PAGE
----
Reduced male fertility may be making it even harder for couples to conceive and be contributing to low birth rates in many countries, reveals a new European Science Foundation (ESF) report launching at the IPSEN meeting in Paris.
More than 10% of couples worldwide are infertile, contributing to the growing demand for assisted reproduction techniques such as in vitro fertilisation (IVF) for which Robert G. Edwards won the Nobel Prize in Medicine last month.
Sperm counts have dropped significantly in the last 50 years in developed countries. Today, at least one in five 18-25 year old men in Europe have semen quality in the subfertile range. Testosterone levels are also declining. This is mirrored by increasing testicular cancer in most industrialised countries and more developmental abnormalities such as undescended testes. All of these factors are linked to reduced fertility and may have common origins during foetal development.
"The important impact of men's reproductive health on a couple's fertility is often overlooked," said Professor Niels Skakkebæk from the University of Copenhagen, who co-authored the report. "Women postponing motherhood have reduced fertility, and we now see that poor sperm may be making it even harder to conceive. While poor sperm may be part of the reason more couples are using IVF it may also be making those therapies less successful."
Skakkebæk continues: "We need a common strategy in Europe to target research so we can address the poor state of men's reproductive health. That this decrease in male reproductive health has occurred in just a few decades suggests it's caused by environmental and lifestyle factors rather than genetics. So it is preventable if we correctly identify the causes."
In men some lifestyle factors such as obesity and smoking can affect sperm counts, but the effects are small. In contrast, if women smoke heavily in pregnancy, a much larger fall in sperm count is likely in their sons when they grow up. Testosterone levels naturally drop as men age, which may predispose men to cardiovascular and metabolic health problems that pose large financial and healthcare issues for national governments. Low sperm counts and low testosterone levels are both associated with increased risk of early death for men.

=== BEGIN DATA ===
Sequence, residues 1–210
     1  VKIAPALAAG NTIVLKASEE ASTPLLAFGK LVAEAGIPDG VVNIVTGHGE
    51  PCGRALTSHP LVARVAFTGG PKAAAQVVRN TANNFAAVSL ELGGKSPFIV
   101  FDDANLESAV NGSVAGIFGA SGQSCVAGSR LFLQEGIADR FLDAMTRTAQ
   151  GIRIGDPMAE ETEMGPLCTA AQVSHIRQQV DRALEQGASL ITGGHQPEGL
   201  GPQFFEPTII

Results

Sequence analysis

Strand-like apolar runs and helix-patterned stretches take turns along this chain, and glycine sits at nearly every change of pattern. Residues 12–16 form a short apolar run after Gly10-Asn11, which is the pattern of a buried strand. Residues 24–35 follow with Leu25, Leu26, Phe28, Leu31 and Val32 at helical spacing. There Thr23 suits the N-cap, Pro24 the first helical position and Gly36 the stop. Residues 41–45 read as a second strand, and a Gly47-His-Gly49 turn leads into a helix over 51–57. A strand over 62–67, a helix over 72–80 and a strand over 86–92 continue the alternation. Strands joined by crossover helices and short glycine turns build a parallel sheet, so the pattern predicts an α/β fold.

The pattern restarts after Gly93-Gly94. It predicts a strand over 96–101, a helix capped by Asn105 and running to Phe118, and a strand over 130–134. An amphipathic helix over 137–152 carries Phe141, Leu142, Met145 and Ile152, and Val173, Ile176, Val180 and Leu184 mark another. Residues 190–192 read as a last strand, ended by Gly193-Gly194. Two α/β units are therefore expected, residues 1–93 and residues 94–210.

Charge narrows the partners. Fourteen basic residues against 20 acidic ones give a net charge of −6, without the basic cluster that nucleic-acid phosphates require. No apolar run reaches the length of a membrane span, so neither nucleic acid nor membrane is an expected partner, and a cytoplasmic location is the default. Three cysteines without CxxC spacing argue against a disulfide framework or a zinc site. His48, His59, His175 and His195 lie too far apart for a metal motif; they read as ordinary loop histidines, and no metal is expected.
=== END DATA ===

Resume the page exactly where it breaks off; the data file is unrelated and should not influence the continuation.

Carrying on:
A recent study, by Brunel University, the Universities of Exeter and Reading and the Centre for Ecology & Hydrology, shows for the first time how a group of testosterone-blocking chemicals is finding its way into UK rivers, affecting wildlife and potentially humans.
The study identified a new group of chemicals that act as ‘anti-androgens’. This means that they inhibit the function of the male hormone, testosterone, reducing male fertility. Some of these are contained in medicines, including cancer treatments, pharmaceutical treatments, and pesticides used in agriculture. The research suggests that when they get into the water system, these chemicals may play a pivotal role in causing feminising effects in male fish.
Earlier research by Brunel University and the University of Exeter has shown how female sex hormones (estrogens), and chemicals that mimic estrogens, are leading to ‘feminisation’ of male fish. Found in some industrial chemicals and the contraceptive pill, they enter rivers via sewage treatment works. This causes reproductive problems by reducing fish breeding capability and in some cases can lead to male fish changing sex.
New EU chemicals legislation, called REACH (Registration, evaluation, authorisation and restriction of chemicals) puts the onus on the chemical industry to prove that its products are safe.
Campaigners say it could be used to reduce exposure to hormone disrupting chemicals.
Elizabeth Salter Green, CHEM Trust director, said; "Chemicals that have been shown to act together to affect male reproductive health should have their risks assessed together.
"Currently that is not the case, and unfortunately chemicals are looked at on an individual basis.
"Therefore, government assurances that exposures are too low to have any effect just do not hold water because regulators do not take into account the additive actions of hormone disrupting chemicals.
"It is high time that public health policy is based on good science and that regulatory authorities have health protection, rather than industry protection, uppermost in mind."
The Science Policy Briefing 'Male Reproductive Health' is a comprehensive insight into male reproductive health with detailed research policy recommendations. It is available online at: https://www.esf.org/publications